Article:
The ‘First’ Women of HMO
A wide array of female “firsts” in Israel have set standards, broken glass ceilings and been instrumental in helping shape the country throughout its first three-quarters of a century.
As part of our special May/June issue celebrating Israel at 75, we’ve spotlighted accomplished women in various fields, including politics, arts and culture, sports, business, science and medicine.
Is there another Israeli woman who is alive today who made history in some field over the past 75 years that you want to tell us about? We know there are many more female “firsts” out there! Send your suggestions with a few lines about what this woman accomplished to email@example.com.
Resilience in the face of crises and awareness of their own strengths and weaknesses helped these pioneering women at the Hadassah Medical Organization become super achievers. They never saw barriers as dead ends. Even though Israel is a high-tech and medical powerhouse, it’s still a traditional society with a strong emphasis on women putting family first. Those who have made it, including the women featured here, will tell you what a boon a supportive parent and/or spouse is—not just for career coaching or emotional support, but as actual backup.
Dr. Shaden Salameh-Youssef was making her morning rounds in December 2020 as head of the Department of Emergency Medicine at Hadassah Hospital Mount Scopus when she checked on a 58-year-old woman who had been recently admitted with stomach pains and dizziness. Dr. Salameh-Youssef read the blood tests and looked at the patient. “Something in her color was wrong,” she said. “Then I heard that she’d cooked mushroom soup, and I knew we had a ticking bomb.”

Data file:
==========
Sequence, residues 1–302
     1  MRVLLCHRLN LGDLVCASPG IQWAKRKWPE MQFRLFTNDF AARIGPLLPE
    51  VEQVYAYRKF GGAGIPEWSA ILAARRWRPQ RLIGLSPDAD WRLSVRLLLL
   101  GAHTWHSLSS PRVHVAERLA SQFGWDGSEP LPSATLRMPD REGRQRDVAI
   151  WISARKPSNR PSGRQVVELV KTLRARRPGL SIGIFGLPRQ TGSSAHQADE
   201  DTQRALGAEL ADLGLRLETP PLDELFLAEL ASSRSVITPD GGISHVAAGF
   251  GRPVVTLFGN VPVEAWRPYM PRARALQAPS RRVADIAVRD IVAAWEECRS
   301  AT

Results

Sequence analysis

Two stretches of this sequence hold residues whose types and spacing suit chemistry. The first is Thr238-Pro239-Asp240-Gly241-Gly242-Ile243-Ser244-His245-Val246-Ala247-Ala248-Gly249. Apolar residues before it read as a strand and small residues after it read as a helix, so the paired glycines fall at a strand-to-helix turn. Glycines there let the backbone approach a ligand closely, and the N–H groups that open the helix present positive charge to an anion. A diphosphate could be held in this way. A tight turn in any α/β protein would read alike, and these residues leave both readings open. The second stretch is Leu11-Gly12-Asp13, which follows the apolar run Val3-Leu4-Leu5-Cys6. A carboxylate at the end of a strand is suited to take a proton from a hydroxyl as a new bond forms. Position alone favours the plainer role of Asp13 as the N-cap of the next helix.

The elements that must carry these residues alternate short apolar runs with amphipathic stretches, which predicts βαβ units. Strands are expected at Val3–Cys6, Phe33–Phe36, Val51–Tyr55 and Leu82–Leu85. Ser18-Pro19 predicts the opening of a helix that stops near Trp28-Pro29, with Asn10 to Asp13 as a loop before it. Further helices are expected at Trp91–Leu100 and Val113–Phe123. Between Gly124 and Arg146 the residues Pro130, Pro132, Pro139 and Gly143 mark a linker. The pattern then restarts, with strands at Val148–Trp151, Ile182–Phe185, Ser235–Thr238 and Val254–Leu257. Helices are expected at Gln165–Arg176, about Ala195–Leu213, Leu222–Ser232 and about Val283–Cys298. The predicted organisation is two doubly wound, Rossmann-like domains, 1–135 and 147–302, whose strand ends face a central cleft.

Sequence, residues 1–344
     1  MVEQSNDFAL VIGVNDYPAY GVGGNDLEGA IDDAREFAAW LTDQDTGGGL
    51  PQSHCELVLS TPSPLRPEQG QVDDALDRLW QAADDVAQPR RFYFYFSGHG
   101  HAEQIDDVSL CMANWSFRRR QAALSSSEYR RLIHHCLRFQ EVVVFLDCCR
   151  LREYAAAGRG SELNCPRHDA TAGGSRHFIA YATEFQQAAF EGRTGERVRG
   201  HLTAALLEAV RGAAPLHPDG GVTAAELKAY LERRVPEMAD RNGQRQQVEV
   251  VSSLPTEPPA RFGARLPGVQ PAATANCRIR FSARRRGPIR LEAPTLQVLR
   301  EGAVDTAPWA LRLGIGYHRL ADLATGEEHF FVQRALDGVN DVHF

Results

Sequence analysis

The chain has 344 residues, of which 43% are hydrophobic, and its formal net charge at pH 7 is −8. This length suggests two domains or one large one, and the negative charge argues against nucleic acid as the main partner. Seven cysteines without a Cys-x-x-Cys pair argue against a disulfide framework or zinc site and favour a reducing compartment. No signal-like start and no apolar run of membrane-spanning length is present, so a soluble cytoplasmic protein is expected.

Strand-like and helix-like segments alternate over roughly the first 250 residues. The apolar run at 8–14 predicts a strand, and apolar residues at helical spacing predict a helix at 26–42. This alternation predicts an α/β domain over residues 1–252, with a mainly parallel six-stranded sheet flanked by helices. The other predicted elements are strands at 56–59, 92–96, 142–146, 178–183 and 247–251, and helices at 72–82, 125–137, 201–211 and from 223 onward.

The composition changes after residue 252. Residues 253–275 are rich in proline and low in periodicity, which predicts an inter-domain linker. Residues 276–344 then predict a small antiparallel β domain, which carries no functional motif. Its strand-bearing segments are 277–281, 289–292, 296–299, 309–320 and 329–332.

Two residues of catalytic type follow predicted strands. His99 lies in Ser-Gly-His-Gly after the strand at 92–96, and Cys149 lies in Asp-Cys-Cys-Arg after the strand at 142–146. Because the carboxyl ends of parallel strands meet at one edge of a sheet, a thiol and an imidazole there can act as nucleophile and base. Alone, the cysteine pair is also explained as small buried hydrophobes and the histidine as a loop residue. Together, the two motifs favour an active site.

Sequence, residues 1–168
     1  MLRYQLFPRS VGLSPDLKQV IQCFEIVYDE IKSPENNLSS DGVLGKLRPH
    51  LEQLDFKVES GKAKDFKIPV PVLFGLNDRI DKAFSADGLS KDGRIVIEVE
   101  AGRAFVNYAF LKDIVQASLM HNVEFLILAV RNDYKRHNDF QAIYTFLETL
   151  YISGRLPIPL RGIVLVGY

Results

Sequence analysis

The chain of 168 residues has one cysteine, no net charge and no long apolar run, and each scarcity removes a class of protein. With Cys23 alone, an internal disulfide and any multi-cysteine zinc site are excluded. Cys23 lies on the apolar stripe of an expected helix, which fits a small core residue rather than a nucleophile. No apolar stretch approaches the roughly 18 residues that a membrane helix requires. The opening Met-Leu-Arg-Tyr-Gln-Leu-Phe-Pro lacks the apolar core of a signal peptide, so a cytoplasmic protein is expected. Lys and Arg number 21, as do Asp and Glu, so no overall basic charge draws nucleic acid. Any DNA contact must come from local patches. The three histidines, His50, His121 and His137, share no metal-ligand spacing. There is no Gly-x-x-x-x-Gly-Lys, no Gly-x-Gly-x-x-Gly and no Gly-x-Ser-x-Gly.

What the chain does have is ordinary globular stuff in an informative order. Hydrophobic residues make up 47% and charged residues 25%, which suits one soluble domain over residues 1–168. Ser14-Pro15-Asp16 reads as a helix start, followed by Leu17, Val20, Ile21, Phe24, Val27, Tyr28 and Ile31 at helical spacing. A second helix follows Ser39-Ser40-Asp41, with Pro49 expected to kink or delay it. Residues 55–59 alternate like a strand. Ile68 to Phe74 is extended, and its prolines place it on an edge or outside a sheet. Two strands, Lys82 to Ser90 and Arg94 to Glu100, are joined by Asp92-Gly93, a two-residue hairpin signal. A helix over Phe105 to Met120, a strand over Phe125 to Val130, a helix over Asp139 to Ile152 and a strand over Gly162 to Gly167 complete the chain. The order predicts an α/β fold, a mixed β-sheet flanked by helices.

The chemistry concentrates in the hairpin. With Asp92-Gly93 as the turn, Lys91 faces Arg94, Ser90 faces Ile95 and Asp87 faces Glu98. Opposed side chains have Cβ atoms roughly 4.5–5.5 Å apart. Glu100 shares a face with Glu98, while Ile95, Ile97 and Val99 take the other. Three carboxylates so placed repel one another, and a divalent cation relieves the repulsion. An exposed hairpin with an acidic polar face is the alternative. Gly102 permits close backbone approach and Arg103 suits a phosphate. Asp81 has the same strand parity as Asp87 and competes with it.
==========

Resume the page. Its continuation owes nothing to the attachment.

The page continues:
The patient was suffering from mushroom poisoning and was about to go into shock and organ failure.
“I’d never seen a case like this, but I’d learned about it in my studies. I knew that there would be a sudden deterioration that could cost her life,” said Dr. Salameh-Youssef. “There’s something that goes beyond the number of tests that has to do with experience and intuition in medicine.”
Both knowledge and experience were hard-won for Dr. Salameh-Youssef, the first Arab woman in Israel to head a hospital emergency department. The 40-something doctor grew up in the village of Tur’an near Nazareth in the Galilee. At age 10, she decided to pursue a career in medicine after her grandfather had a heart attack and she was the one who needed to find help.
There were no local medical services near the village, and she had difficulty describing his condition by phone to the paramedics and convincing them that they needed to come immediately.
Although Hebrew was her second language and English her third, she passed the entrance exams for the Hadassah-Hebrew University School of Medicine. She completed a residency in internal and emergency medicine and also obtained a master’s degree in health administration.
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“All along the way, people told me I was dreaming, that I’d never make it,” she said. “What did Henrietta Szold say? Dream big! That’s my life theme.”
Since being appointed head of the Mount Scopus emergency room in 2019, she has supervised the expansion and refurbishment of the busy department. This includes the establishment of northern Jerusalem’s first shock-trauma center, which treats patients affected by terrorism, motor accidents and falls.
A mother of three who is married to Hadassah urologist Dr. Fadi Youssef, Dr. Salameh-Youssef recently took part in the Executive Leadership Program at Harvard Business School.
As for the woman suffering from mushroom poisoning: She was in intensive care for five weeks, resuscitated three times, then transferred to Hadassah Hospital Ein Kerem, where she was put on a heart-lung machine. After round-the-clock treatment, she woke up from her coma, but it was weeks before she could walk and function independently.